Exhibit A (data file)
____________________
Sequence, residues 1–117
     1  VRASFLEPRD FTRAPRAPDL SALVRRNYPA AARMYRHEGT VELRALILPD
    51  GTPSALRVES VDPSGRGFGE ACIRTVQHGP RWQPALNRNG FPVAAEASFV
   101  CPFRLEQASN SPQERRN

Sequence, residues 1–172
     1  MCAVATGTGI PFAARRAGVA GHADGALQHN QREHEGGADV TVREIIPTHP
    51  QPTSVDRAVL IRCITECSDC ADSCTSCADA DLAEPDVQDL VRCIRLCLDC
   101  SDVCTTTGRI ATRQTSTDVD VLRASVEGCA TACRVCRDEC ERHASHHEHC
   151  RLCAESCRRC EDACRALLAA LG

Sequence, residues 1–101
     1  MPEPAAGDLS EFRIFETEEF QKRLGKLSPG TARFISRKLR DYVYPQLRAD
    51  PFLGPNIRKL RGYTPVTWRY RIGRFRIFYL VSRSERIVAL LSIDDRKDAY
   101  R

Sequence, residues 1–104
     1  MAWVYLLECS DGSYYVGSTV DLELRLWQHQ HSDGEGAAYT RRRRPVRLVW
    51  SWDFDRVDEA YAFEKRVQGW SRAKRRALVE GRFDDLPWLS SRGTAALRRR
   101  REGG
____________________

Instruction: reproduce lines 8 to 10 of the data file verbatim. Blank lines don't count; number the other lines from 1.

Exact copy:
   101  SDVCTTTGRI ATRQTSTDVD VLRASVEGCA TACRVCRDEC ERHASHHEHC
   151  RLCAESCRRC EDACRALLAA LG

Sequence, residues 1–101